Ardgowan, a late 18th century country house, is set in a tranquil 400 acre estate on the Firth of Clyde, Scotland, only 30 minutes from Glasgow International Airport and less than one hour from Prestwick International Airport.
Ardgowan Estate is owned by the Shaw Stewart family and has been in the family for over 600 years. The house is set in the middle of 400 acres of beautiful parkland on the south shores of the Firth of Clyde and is home to Lady Shaw Stewart and her son Sir Ludovic, the 12th Baronet.
The lands of Ardgowan were given to John Stewart by his natural father King Robert 111 of Scotland in 1403. Robert 111 was Robert the Bruce’s great grandson and the estate has been passed down from father to son or uncle to nephew to the present day.
There was a castle at Ardgowan in the 11th Century but the present one dates from the 15th Century. Its predecessor was much fought round in the Wars of Independence, and Robert the Bruce was present at battles here in 1303 and 1314.
Helenor Houston was Sir John Shaw’s grand–daughter and her marriage to Sir Michael Stewart in 1736 greatly enriched the family and led to the building of Ardgowan House. The name Shaw Stewart was born and the estate increased in size as they inherited the western half of Greenock.
Ardgowan House was built between 1798 and 1801 by Sir John Shaw Stewart the 4th Baronet. The house was designed by Hugh Cairncross who was Robert Adam’s assistant when he designed and built Culzean Castle in Ayrshire.
The design for the landscaped parkland around the house still survives. Signed by the designer James Ramsay in 1797, the planting accurately followed his plan. The snowdrops were also planted at this time by Sir John’s wife.
The completed interior was furnished by the firm of Gillows of Lancaster and the walls were hung with paintings collected on successive Grand Tours. To these were added a series of family portraits by Sir Henry Raeburn in 1816 and the portrait of Emperor Napoleon by Lefevre which hangs on the main staircase. This was given to Sir Michael Shaw Stewart, the 6th Baronet, by Napoleon’s mother Mme. Mere whom he had met in Elba. Michael also brought back to Ardgowan the hat which had been worn by Napoleon during the campaign of 1807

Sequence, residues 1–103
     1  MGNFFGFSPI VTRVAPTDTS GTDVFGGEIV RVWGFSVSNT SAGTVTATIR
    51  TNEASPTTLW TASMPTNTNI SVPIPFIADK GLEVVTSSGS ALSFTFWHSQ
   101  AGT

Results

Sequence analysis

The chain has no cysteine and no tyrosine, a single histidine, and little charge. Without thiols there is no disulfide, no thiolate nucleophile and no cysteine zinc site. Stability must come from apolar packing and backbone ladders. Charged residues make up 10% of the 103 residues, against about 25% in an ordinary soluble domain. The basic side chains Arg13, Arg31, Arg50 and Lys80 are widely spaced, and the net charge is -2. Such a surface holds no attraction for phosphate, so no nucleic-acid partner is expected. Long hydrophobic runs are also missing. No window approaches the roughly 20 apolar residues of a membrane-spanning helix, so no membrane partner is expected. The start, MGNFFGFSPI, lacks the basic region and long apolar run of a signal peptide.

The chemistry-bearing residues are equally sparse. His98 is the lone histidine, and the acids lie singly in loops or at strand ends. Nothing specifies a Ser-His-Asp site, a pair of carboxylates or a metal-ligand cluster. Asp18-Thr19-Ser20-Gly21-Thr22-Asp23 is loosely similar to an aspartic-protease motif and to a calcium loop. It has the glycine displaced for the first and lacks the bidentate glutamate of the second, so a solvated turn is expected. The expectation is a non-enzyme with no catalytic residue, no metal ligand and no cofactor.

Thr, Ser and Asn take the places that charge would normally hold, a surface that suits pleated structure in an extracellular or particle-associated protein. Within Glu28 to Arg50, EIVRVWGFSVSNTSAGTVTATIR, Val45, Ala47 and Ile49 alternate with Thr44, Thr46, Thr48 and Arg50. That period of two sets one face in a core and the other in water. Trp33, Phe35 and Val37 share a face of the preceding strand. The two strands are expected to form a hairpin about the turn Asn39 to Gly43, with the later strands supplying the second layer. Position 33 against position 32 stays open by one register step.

Later generations altered the house; William Burn was commissioned to alter the interior, especially the entrance and the staircase in 1835, returning to work here again in 1852. The chapel, designed by Henderson, was added in 1854 and in 1904 Sir Robert Lorimer restored the house and added the conservatory.
In 1854 Jane Shaw Stewart sailed to the Crimea. Like Florence Nightingale, she was a pioneering nursing sister and superintended the hospital at Balaclava.
Ardgowan was used as a military hospital during the Great War 1914 – 1918 and again during the Second World War 1939 – 1945. In August 1941, following an abortive air raid on Greenock, the Luftwaffe dropped a stick of bombs close to Ardgowan. Fortunately there were no casualties but many windows in the house were smashed and Ardgowan gained the dubious distinction of being the first Scottish hospital to be damaged by German bombs.
Over the years farming and forestry have been the traditional enterprises of the estate. However as times have changed the family has diversified into other businesses. Lady Shaw Stewart has developed Ardgowan Antiques, corporate entertaining and residential study tours in Ardgowan House. The home farm at Bankfoot has been developed as Ardgowan Livery offering horse livery services.